Penis size: whether it pops up in your spam folder or is compared to various fruit and veg in a glossy women’s mag, it turns out that it does matter after all.
Body image and low self-esteem has long been a problem associated with women, particularly teenage girls. Countless columns, studies and magazine specials have been dedicated to exploring the many body insecurities of women. Rarely do we think about body image issues relating to men.
Annabel Chan Feng Yi from the Victorian University has released a study conducted to explore male body image issues.
Dr Chan says she wanted to undertake study in this area because of the imbalance of data between the sexes.
“There isn’t much focus on men’s body image! There is an avalanche of research on body image and eating disorders, which are largely seen as ‘female issues’ which is so untrue. I wanted to be able to contribute to an understudied area.”
The findings from the study demonstrate that body self-image is not just a problem within the female demographic; many men suffer from poor self-esteem due to negative body image as well.
“The research demonstrates that societal pressures on body image are not unique to women,” said Dr Chan.
Dr Chan’s online survey of 738 men found common male insecurities to include weight, body image and penis size.
The biggest revelation from Dr Chan’s study is that men feel most insecure when they are around other men, coining the term ‘locker room syndrome.’ When asked why she thinks that the locker room, rather than the bedroom, is the place men feel most insecure about their size of their penis, she said it all had to do with competition.
“Competition appears and remains to be one of the biggest motivators of human behaviour,” Dr Chan said.
Former student at an all-boys’ boarding school, Casey*, 24, has been in his fair share of locker room situations. He says that most of the penis-related taunting is just playful banter.
“There is always the stupid debate about whether circumcised is better, but most of the time it just depends on what the majority of the guys are.”
Andrew*, one of Casey’s friends, grew up in a similar environment. He doesn’t think there were many body image problems in the schoolboys’ change rooms.
“You saw naked guys all the time… Most guys didn’t care, but you would get the odd fuckhead who put shit on the guys who developed later,” he said.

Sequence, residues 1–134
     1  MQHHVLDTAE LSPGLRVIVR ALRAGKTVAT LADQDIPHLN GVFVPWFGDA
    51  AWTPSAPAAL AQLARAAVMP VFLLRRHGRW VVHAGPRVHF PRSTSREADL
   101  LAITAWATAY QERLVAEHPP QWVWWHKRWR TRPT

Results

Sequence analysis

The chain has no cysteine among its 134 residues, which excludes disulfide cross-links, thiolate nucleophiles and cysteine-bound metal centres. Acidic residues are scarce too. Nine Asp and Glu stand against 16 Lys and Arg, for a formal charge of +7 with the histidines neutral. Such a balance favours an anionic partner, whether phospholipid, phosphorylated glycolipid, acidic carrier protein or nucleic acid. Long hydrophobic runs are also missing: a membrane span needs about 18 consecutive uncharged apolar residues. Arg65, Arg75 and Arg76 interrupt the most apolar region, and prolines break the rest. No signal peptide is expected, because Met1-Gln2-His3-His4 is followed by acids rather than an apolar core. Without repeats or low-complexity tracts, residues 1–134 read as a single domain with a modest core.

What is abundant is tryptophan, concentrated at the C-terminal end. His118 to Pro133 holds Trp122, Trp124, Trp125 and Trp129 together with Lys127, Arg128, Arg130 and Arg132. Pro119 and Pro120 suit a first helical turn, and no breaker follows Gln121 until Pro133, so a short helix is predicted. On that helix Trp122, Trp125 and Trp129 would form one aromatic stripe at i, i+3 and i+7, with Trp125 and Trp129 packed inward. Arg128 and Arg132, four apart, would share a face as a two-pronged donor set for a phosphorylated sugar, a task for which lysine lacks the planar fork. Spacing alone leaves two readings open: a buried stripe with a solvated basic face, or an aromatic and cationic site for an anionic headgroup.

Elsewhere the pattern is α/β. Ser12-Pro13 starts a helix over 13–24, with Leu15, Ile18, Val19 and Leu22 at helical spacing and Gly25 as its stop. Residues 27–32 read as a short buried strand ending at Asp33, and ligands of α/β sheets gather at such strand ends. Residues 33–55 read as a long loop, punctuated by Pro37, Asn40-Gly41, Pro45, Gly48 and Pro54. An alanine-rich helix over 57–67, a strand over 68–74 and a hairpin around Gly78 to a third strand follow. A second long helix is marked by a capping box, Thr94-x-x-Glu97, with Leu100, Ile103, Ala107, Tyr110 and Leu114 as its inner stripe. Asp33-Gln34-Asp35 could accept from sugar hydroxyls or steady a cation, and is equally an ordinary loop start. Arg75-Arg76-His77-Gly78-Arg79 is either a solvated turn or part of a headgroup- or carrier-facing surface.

Speaking to men in their early twenties, it seems that, like women, they all have some form of body dissatisfaction.
“I am quite comfortable with my penis size, but I do get very self-conscious about my receding hairline and also that I don’t have a six-pack anymore,” was one man’s response.
Once you get past the jokes (are they all jokes or is this some expression of actual dissatisfaction?) about their penis size “being a real drag — literally”, most males will fess up to feeling less than happy about some part of their appearance.
“You just have to look at your spam folder to know that penis enhancement is a very well-known industry!” said Dr Chan.
With one plastic Sydney surgeon performing an average of 200 penis enlargement procedures a year, it seems that cosmetic genital surgery is not only becoming a trend among women.
“The [cosmetic surgery] trends are already there [for men] with butt and pec implants. Just less rampant and known than with females,” says Dr Chan.
Through cosmetic surgery, penis length can be improved by 5cm and width by 1–2cm. One website suggested that in this day and age, men don’t have to put up with their insecurities — they can have them permanently changed for good.
Andrew* underwent a circumcision at age 15. Whilst Casey* is convinced it was vanity based, Andrew* claims it was medically motivated.
“It had nothing to do with image, but practicality and health. [I] have never looked back. I can proudly argue both sides of the [circumcision] argument, [but] no doubt about it, being circumcised is always better [sic],” Andrew says.
Whilst the Victorian University study did not specifically look into circumcision status and body confidence, conversations like these suggest there are some men who are able to find a link between the two.
“There wasn’t enough scope in my study to include all aspects of penis satisfaction, so the impact of circumcised status wasn’t studied. However ,it was mentioned by participants in the comments together with satisfaction with the size and look of testicles,” said Dr Chan.
The study highlighted the difference in ideal body shapes for women and men, showing skinny or slim males to feel inferior to more muscular peers.
“Participants pointed out that the Drive for Muscularity Scale and Male Figure Rating Scale are both lacking in their abilities to measure body dissatisfaction relating to being underweight or overweight,” said Dr Chan.
This is an area of the study that Casey* was able to relate to. He says he would never wear football shorts or anything that showed his bare legs, due to being so skinny.
“Nobody feels that they’re being rude when they point out how skinny I am, but nobody would point out if I were fat,” explained Casey*.
Casey* attributes not playing social Rugby Union anymore to his size.
“I got sick of being put on the wing [not preferred/best position] at the start of each footy season. I would always be put in a lower team than I was qualified for. just because I was skinny,” said Casey*.
What result surprised Dr Chan the most? No one seemed to botch the numbers.
“I didn’t get a lot of inflated porn-style measurements in the data, given that it is self reported!”